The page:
QUAL: Quality Score Ignores Key Sub-Sectors

Index funds should have a place in most retail investors’ portfolios. If anything, to protect against underperformance compared to “market”. Also, index funds can help investors get a sense of security in their equity holdings, allowing them to take more risk in their individual stock positions. Of course, this sense of security is relative to equity performances, not relative to capital preservation, but the sentiment remains. However, not all index funds are created equal. Below, I’ll review the iShares Edge MSCI USA Quality Factor ETF (QUAL), an index fund tracking the MSCI USA Sector Neutral Quality Index.

Asset Management Strategy

As an index fund, QUAL tracks its underlying index. The underlying index focuses on key factors it considers as reflections of quality companies – low leverage, earnings variance, and ROE. From the index’s fact page:

“A composite quality z-score for each security is calculated by combining Z-scores of three winsorized fundamental variables namely, high Return-on-Equity (ROE), low leverage and low earnings variability. A sector-relative quality score is then derived from the composite quality z-score. It is arrived at by standardizing the composite quality z-score within each sector.”

In layman’s terms, the index separates stocks by their sectors, creates a bell curve based on the three factors mentioned above, removes outliers, then determines weight by the product of their quality score and market cap.

Relying on three factors to determine “quality” will of course cause debate. A company may take on massive amounts of debt, which results in a boost to ROE. Although this could result in a net neutral effect for its quality score, the actual “quality” of the stock will likely differ in theory compared to its weight/score.

Performance

As a passive index, it is important to consider past performance. While past performance is only a factor, and past performance is not a guarantee of future results, for ETFs and passive funds, it remains an important factor to consider. Below is a comparison of QUAL’s returns versus the iShares Core S&P 500 ETF (NYSEARCA:IVV) and the iShares Core Dividend Growth ETF (DGRO):

ETF

1Y

3Y

5Y

QUAL

9.01%

42.87%

71.91%

DGRO

11.00%

49.13%

64.31%*

IVV

9.46%

46.08%

67.44%

*Since Inception

QUAL lags the S&P 500 by a small amount over the last year, and trailing three years. QUAL underperforms DGRO by a wider margin during those time periods as well.

In addition to returns, the measures of volatility are below. Theoretically, this measures the level of market risk in the funds.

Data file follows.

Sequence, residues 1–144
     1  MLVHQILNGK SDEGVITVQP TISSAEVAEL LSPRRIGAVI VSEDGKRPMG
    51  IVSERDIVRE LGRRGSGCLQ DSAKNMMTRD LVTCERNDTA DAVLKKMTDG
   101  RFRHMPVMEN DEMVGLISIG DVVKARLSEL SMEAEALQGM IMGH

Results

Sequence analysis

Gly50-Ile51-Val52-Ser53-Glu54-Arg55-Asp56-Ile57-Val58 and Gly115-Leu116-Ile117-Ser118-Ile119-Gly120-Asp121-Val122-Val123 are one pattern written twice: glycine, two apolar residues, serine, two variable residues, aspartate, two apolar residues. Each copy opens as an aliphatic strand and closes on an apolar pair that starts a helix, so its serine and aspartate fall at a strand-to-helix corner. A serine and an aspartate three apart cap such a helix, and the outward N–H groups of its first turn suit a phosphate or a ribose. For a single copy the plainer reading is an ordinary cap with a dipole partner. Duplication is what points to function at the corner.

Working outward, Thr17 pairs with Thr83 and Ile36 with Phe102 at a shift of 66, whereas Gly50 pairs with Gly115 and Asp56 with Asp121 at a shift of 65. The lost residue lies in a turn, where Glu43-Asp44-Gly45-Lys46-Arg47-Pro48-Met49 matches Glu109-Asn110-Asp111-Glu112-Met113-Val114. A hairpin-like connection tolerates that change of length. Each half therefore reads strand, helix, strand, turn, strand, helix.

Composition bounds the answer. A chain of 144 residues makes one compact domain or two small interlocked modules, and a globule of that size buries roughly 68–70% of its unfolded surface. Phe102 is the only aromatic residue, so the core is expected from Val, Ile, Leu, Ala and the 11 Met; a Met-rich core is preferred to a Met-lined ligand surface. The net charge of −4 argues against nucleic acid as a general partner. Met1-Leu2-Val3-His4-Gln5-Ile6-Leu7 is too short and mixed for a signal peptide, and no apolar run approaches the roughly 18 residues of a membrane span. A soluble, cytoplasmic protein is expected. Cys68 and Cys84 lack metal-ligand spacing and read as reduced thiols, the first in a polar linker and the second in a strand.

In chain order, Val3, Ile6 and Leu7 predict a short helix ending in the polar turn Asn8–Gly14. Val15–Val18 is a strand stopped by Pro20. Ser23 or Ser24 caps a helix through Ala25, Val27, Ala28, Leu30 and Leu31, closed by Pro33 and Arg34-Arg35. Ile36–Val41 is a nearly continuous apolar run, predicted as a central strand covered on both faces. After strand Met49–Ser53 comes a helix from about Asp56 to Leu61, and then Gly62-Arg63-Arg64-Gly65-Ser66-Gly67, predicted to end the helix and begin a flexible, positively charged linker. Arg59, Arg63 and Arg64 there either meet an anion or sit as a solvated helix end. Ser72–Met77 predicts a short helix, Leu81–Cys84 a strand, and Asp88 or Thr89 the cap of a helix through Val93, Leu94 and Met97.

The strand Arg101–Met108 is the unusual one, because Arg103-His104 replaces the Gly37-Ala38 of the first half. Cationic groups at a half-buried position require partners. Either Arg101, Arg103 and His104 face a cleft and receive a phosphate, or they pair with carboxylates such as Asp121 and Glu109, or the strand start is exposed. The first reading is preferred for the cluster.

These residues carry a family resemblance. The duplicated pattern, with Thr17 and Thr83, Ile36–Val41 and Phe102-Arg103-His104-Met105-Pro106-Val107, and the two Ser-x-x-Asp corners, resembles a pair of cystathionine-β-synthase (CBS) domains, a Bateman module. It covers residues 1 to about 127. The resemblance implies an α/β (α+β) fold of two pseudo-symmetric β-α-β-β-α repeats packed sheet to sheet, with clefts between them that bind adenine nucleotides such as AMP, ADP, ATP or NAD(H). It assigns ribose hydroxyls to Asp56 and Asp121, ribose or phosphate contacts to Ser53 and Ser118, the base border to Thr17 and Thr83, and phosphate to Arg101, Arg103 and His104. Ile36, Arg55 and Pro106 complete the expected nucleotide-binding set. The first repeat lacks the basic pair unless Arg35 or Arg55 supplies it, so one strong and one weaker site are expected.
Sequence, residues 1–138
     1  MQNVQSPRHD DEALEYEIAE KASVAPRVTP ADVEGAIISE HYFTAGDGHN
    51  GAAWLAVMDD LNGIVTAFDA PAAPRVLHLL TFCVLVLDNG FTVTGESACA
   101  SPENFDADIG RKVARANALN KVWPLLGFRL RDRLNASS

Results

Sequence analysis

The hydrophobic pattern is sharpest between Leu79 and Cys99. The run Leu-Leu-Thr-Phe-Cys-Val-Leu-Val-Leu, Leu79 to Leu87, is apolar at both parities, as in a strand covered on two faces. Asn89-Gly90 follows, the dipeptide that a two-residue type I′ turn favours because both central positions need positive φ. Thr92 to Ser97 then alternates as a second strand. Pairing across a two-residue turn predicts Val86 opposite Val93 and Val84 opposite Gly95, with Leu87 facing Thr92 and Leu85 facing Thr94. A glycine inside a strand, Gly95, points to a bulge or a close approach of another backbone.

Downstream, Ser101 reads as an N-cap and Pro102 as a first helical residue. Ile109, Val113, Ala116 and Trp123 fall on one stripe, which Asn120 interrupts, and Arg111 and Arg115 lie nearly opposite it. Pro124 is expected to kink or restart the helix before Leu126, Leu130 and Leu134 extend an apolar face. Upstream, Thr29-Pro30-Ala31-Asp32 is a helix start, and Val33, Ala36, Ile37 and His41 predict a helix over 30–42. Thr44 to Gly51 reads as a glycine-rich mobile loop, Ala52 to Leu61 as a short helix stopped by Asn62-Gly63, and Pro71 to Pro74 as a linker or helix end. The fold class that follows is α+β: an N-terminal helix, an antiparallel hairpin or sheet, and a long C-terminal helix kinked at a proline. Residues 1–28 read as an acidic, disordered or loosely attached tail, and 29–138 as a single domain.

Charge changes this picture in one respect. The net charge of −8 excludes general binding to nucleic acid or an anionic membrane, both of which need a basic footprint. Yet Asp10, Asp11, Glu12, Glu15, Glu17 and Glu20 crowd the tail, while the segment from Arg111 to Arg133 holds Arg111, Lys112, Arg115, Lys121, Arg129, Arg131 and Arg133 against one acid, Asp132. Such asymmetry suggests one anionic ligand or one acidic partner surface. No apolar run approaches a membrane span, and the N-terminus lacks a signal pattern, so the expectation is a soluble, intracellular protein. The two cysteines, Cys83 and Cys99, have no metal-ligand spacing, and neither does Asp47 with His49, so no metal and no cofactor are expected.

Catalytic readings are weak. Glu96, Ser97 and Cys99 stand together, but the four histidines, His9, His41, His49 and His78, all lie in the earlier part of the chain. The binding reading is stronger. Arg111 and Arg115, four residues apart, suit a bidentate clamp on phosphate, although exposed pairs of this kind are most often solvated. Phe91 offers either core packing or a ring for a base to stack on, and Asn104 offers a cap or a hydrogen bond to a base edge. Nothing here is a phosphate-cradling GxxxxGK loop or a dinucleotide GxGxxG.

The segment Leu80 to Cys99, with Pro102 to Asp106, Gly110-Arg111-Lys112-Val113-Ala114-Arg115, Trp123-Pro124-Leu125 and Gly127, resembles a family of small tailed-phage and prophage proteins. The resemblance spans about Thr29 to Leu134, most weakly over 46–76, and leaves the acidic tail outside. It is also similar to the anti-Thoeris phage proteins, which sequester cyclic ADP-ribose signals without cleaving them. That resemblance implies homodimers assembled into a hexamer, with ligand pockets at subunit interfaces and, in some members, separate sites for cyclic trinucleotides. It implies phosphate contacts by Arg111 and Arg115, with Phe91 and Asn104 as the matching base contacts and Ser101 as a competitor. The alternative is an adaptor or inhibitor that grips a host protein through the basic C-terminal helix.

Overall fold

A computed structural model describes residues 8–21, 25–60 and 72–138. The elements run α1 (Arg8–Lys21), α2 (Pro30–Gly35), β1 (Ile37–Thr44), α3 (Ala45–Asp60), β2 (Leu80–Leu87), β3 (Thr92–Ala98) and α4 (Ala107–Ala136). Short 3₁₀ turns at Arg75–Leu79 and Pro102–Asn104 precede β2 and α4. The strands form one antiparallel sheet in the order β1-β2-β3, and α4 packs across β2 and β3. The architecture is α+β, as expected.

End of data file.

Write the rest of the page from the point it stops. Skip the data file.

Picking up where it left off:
Source: Portfolio Visualizer (link here)

Overall, despite a minute amount of underperformance relative to peers, QUAL largely trades along with the market. However, the difference between DGRO and QUAL borders between insignificant and meaningful, requiring investors to dive deeper into sector allocations and top holdings when deciding between the two, or other index funds. For investors interested in DGRO, I wrote about it last quarter.

Top 10 Holdings

Below is the list of the top 10 holdings of QUAL, along with their fair value as measured by Morningstar. These 10 holdings make up about 33% of the fund.

Stock

Weight

Price

Morningstar Fair Value

Facebook

4.38%

$181.06

$200

Johnson & Johnson

4.25%

$138.85

$134

Mastercard

3.83%

$251.48

$236

Apple

3.82%

$178.97

$200

Visa

3.42%

$162.64

$148

Lockheed Martin

3.04%

$338.78

$327

Exxon

2.96%

$74.10

$90

Altria

2.71%

$52.40

$58

Walt Disney

2.29%

$132.79

$130

Moody's

2.27%

$185.10

$196

(*Alphabet Class A and Class C combine to make up 3.56% weight)

QUAL’s top holdings represent a diversified portfolio, albeit more top heavy than other index funds.

Facebook (FB) – Facebook is constantly in the news over data privacy, fake news/regulations, and other issues that bring Facebook headline risk. But Facebook is still posting above 20% top line growth, with net margins above 30%. A healthy balance sheet and lack of China exposure insulate it from the trade war or recession fears, but by far the greatest risk remains regulations and upper management strategy execution.

Johnson & Johnson (JNJ) – Johnson & Johnson has a fortress balance sheet, and is one of the most respected blue chips out there. Similar to Facebook, Johnson & Johnson is subject to headline risk, with focus related to Medicare for All ideas impacting the entire sector. According to Barclays, Johnson & Johnson is still seeing strong growth rates in China in all business units, easing trade war concerns. The Talc litigation should begin wrapping up this summer, possibly removing the largest concern.

Mastercard (MA) and Visa (V) – Both payment processors are trading at high valuations, but these companies are in an oligopoly with massive moats and high margins. The shift away from cash remains a strong secular growth driver, and both companies are either close to, or above, double-digit revenue growth. Outside of valuations, both payment stocks remain excellent investments with favorable trends, wide moats, and high ROIC.

Apple (AAPL) – Apple has been uncharacteristically risky and volatile since the trade war started, as well as due to international pricing concerns. Eventually, services will make up a larger amount of the revenue mix, which will reduce the amount of cyclicality of financial performance. The Apple Card will likely be the next catalyst for the stock, but with earnings potential heavily influenced by trade concerns, Apple will likely underperform in the short term as investors decrease China exposure.

Lockheed Martin (LMT) – Lockheed remains one of my favorite stocks, appreciating by almost 30% YTD. In Q4 2018, I thought Lockheed would be a natural hedge against trade war escalation, but I was wrong in my thesis. However, Lockheed still outperformed the market so far this year, and concerns with a democrat led house affecting military spend have yet to materialize. I still believe Lockheed Martin benefits from a deterioration in China negotiations, and with escalations in Iran, along with Saudi sales, I remain bullish on Lockheed Martin. In terms of QUAL, I believe Lockheed is an interesting fit here, as their large debt load inflates their ROE, and it’s curious that QUAL’s quality score doesn’t filter out Lockheed.